Time and Space
A reader quotes me as follows: “You cannot even imagine what it would be like to be beyond time and space …”
Which is why I am skeptical that something can exist beyond time and space. The very concept of “existence” is bound up in time and space. I do not believe that humanity can even articulate a non-nonsensical concept of something beyond time and space.
JJ: Pure thought would be formless, beyond time and space, yet has power to create all forms.
Let’s look at the popular Big Bang theory. Such proponents believe that 13.8 billion years ago there was no universe, that everything there is resided in what is called a singularity. This is a point infinitesimally small. In such an existence there would have been no motion for there was nothing to move. With nothing to move there would have been no time because time is created by motion.
If this theory is true then at this time (for want of a better word) there was no time or space. Even so, something had to exist or the universe could not have been created because something cannot come out of nothing.
Time and space as we know it exists in our physical universe. It does not exist in other realms as it exists here. Time is different, for instance, in your dream world. During one night you can start by dreaming of space ships in the future and then end up in another dream in the days of Columbus. You’ll also notice that you never exactly measure time there as you do in the physical.
Time in the astral world is something like it is in the dream world.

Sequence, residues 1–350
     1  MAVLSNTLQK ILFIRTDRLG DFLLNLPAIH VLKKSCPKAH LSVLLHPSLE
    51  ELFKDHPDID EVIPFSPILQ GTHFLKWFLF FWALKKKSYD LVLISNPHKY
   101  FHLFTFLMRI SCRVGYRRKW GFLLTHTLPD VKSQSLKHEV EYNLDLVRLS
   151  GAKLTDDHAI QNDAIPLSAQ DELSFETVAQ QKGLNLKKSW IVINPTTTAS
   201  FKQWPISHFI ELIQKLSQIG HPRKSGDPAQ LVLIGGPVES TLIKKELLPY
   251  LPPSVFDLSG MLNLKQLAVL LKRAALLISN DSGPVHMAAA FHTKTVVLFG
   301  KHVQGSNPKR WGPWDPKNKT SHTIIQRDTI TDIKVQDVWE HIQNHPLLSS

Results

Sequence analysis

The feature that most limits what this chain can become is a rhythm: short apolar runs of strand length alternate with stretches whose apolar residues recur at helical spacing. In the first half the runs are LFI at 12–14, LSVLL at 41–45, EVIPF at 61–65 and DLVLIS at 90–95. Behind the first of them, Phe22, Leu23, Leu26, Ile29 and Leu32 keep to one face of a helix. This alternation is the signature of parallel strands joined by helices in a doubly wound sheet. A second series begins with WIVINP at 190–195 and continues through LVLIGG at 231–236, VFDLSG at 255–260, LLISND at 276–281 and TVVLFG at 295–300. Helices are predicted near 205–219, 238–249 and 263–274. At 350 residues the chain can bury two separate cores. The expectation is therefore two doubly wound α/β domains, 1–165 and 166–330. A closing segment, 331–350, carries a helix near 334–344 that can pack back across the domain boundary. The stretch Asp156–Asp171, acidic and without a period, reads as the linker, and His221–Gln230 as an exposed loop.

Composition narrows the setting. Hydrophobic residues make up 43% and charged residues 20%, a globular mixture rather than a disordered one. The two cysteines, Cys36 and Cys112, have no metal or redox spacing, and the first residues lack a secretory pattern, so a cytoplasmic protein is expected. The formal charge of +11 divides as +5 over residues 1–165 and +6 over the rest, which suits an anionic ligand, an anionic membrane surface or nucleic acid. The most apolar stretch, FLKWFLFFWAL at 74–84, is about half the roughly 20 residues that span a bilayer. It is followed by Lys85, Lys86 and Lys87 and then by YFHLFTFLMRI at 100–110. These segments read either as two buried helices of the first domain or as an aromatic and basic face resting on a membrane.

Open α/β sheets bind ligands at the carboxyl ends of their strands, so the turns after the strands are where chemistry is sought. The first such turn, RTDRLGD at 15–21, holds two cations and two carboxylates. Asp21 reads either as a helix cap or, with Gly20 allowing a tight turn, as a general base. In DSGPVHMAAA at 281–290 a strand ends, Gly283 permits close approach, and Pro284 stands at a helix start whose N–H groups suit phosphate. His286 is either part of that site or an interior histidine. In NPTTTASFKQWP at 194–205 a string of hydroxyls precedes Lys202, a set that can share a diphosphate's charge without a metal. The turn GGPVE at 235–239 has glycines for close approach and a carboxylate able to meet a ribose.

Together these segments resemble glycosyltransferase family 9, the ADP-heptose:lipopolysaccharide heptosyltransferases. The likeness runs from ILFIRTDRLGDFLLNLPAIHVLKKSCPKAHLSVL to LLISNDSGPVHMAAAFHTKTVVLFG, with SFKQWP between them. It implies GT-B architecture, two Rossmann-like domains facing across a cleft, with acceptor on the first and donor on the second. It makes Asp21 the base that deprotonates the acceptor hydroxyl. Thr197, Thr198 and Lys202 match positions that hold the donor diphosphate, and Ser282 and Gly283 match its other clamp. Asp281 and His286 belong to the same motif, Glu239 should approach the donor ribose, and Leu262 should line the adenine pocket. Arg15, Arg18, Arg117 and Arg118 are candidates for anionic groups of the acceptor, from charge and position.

Since time is created by motion one must see what is moving in the higher spheres to determine how or if time exists there.
Time in the mental world is more flexible still and is molded by thought images in motion.
In the formless worlds time exists as an idea or concept that manifests in the lower worlds, but the passing of it does not affect the reality there. Use your imagination to enter the world of ideas and attempt to see time and motion in such a world. Then we can get a vague idea of how much different the idea of time is there.
Reader: Or time still goes on in the lower worlds at a different rate, and perhaps time goes on so slow that it seems as if there is no time? Don’t know, but the idea of existence outside of time makes no sense to me, and I don’t believe it actually makes sense to anyone.
JJ: There is time in the mental, astral and physical worlds because there is motion there, but it operates much differently in the three different worlds.
If our consciousness were to go to the formless worlds there would be no registration of the passing of time, even though it would continue to pass here.
Time and space are interesting ideas to contemplate.
Reader: “Let’s look at the popular Big Bang theory. Such proponents believe that 14 billion years ago there was no universe, that everything there is resided in what is called a singularity. This is a point infinitesimally small. In such an existence there would have been no motion for there was nothing to move. With nothing to move there would have been no time because time is created by motion.”
If I recollect correctly you don’t believe in concepts of an infinite regress, as in calculating an exact value for a transcendental irrational number. But you find it convenient to believe in an INFINTESIMALLY small singularity?
You’re putting words in my mouth. I didn’t say I believed in it. My belief was extensively put in writing in Book 4 so most here should be aware of my belief on the singularity. In the book the singularity was so small that some would call it infinitesimally small, but technically it still has size. Since all life there is asleep and attempting to establish consciousness in our universe there is no one there to register time, space or form which oscillates between spirit and matter.